The results of antimicrobial susceptibility test in the current research revealed that nearly half of (46.2%) the isolates were multidrug-resistant according to the recent drug-resistance definition [23]. In addition, all of the Salmonella isolates were resistant for at least one or more drugs tested. Further analysis of antimicrobial susceptibility test results showed that 69.2% of Salmonella isolates were resistant to Amoxicillin which conform a report from Nigeria [16] that proved Salmonella species in recent years have become progressively more resistant to clinically useful antibiotics including Amoxicillin. The resistant nature of Salmonella isolates to Amoxicillin might be ascribed to high level of utilization of this drug due to its relatively cheaper price and readily available nature to the local community in the current study area. This might create the opportunity for misuse of this drug thus heralding the emergence of resistant strains of Salmonella. Furthermore, 54.8% Salmonellae isolates were resistant to ampicillin. This finding was in agreement with findings from Jimma and Addis Ababa that reported 54%, [6] and 59.4% [7] resistant isolates, in that order. But this ampicillin resistance pattern of Salmonella isolated during this study was lower from reports that indicated 100% [15] and 82.3% [24] resistance in Addis Ababa isolated from dairy farm attendant and pediatric patients, respectively. Furthermore; the current result was lower than 87.5%, 100%, and 91.8% of ampicillin resistant Salmonella isolates reported from Addis Ababa [12], Bahir Dar [25] and Tamil Nadu [26], respectively.

The 46.2% tetracycline resistant Salmonella isolates registered in our research was in agreement with 46.9% [7], but higher than 33.3% [15] resistance reports from Addis Ababa. Yet it is by far lower than 92.9% resistance disclosed from USA [27]. Tetracycline is the most frequently prescribed drug in the current study area including for other infectious diseases both in human and veterinary medicine that could also be mentioned as one of the reasons for the development of such a higher resistance. A worrying aspect of the current result is that it will also be difficult to treat other clinical infectious cases using tetracycline. Although the resistance pattern of Salmonella isolates from food handlers for sulphamethoxazole-trimetoprim in this study is low (15.4%), previous studies have documented much higher [24, 7] and lower [15] resistance rates from Ethiopia in different times.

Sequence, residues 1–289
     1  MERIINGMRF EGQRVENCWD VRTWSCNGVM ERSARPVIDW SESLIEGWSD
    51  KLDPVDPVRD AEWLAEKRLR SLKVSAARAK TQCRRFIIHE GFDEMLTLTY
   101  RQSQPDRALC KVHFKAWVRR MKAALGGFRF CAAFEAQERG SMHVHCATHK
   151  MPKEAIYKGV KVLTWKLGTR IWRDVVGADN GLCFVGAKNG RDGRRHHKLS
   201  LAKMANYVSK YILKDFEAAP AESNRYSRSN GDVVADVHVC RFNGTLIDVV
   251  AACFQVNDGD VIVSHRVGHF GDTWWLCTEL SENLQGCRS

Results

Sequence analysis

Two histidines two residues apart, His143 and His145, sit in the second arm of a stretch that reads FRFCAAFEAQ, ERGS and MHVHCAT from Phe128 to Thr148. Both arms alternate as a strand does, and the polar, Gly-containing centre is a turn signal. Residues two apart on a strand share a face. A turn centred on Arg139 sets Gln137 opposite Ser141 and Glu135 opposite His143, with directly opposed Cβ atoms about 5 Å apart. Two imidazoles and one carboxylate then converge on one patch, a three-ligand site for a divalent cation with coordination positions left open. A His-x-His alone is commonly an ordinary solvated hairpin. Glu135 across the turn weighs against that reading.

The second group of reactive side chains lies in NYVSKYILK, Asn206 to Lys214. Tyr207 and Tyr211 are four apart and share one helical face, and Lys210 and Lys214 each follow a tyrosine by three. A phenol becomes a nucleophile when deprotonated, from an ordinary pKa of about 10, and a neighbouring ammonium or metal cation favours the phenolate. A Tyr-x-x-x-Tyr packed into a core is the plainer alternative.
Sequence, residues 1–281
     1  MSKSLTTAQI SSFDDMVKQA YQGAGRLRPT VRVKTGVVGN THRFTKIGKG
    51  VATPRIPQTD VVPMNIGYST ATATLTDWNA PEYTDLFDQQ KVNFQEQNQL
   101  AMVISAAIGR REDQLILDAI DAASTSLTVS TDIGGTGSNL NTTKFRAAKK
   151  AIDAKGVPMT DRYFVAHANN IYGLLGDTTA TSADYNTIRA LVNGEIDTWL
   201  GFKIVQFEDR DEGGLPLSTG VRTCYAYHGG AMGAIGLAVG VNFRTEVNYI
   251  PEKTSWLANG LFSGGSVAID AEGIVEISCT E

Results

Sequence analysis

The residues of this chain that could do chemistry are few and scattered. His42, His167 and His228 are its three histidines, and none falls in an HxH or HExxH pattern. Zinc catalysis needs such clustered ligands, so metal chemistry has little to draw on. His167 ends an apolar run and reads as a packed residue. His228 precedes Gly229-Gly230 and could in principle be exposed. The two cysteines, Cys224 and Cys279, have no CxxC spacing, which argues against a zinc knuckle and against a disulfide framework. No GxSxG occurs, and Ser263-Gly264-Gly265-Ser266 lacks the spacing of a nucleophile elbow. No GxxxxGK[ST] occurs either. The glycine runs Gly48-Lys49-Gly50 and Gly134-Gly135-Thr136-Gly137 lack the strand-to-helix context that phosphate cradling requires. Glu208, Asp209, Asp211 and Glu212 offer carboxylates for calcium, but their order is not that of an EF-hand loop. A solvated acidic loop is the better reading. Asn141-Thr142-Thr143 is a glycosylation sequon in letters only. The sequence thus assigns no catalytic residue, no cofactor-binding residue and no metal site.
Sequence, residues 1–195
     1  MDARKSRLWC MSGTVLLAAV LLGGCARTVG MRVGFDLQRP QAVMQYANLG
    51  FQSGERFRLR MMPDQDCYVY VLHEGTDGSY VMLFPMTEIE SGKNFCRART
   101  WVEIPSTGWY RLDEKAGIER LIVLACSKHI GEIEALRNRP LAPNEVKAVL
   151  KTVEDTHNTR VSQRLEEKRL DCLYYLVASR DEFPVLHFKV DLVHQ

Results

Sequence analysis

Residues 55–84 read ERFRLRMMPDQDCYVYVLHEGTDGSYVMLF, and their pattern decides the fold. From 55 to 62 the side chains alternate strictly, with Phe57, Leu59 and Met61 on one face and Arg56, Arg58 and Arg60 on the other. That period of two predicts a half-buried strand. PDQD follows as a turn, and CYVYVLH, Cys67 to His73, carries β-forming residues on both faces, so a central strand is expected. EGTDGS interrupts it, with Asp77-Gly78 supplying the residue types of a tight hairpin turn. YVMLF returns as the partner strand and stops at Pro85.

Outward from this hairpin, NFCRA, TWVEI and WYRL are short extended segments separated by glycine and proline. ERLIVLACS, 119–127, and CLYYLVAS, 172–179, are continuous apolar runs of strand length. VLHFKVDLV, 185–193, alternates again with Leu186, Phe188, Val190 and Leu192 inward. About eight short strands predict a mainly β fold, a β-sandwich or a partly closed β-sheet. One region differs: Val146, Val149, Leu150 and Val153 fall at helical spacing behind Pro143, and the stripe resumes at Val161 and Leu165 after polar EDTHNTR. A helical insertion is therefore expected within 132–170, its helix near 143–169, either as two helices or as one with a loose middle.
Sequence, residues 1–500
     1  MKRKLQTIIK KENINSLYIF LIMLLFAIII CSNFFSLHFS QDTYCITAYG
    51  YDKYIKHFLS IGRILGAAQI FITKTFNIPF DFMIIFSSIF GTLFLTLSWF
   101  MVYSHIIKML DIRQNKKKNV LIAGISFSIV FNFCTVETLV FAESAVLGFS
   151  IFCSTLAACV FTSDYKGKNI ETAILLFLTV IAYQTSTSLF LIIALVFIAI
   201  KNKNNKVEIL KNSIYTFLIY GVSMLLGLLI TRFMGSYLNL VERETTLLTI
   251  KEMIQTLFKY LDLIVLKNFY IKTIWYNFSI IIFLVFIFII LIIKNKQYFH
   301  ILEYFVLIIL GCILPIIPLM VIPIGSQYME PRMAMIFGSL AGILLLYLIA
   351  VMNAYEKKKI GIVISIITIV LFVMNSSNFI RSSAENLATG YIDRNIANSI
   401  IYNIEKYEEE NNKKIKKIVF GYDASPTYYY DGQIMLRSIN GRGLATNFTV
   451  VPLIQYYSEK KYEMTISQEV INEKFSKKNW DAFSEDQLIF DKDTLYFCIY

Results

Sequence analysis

Interestingly, all of the Salmonella isolates in the current investigation were susceptible to gentamycin and ceftriaxone, which is in agreement with similar studies in Lagos [28] and Ethiopia [12]. This result was higher than 75% [15] and 19.8% [7] susceptibility reports for gentamycin and 78.8% [7] for cetriaxone from Addis Ababa. ceftriaxone is relatively recently introduced and more costly drug compared to cephalothin in the current study area. Due to this, the community might have used it less frequently that contributed for the low rate of resistance recorded. Good efficacy was also observed in nalidixic acid in which 84.6% of the isolates were susceptible that was nearly in line with the study conducted in Lagos, Nigeria [28] and Tamil Nadu, India [29]. In contrast, a study conducted in Ghana revealed resistance to nalidixic at a higher level [30]. These differences to nalidixic acid efficacy might be due to presence or absence of previous exposure of isolates to the drug in other countries than this study area or it might be due to the fact that nalidixic acid is costly and only rarely prescribed in our study area. On the other hand, 46.2% of the isolates exhibited resistance to nitrofurantoin, which is higher than 15% resistance profile reported from Addis Ababa [15].

Conclusion

Drug resistant including multidrug-resistant Salmonella isolates are circulating among food handlers at the University of Gondar posing high risk of infection for the University community having close contact with those carriers. Programmed medical checkup for food handlers with respect to infectious diseases was not practiced at the University. Health education and check-up, and immediate appropriate treatment strategy for positives based on in-vitro antimicrobial susceptibility tests should be in place. Further in-depth serotyping and drug resistant gene identification should be carried out.

Authors’ information

Authors are human and animal health professionals and members of Zoonosis and Food Safety research team at the University of Gondar. They are engaged and interested in Zoonotic Food-borne Pathogens and Food Safety research.

Declarations

Acknowledgements

University of Gondar is greatly acknowledged for all rounded technical assistance for the smooth accomplishment of this research. The authors acknowledge Dr. Reta Tesfaye from the University of Gondar, for his suggestions and proofreading the manuscript.

Authors’ Affiliations

(1)
University of Gondar, Faculty of Veterinary Medicine
(2)
University of Gondar, Institute of Public Health

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© Garedew-Kifelew et al.; licensee BioMed Central Ltd. 2014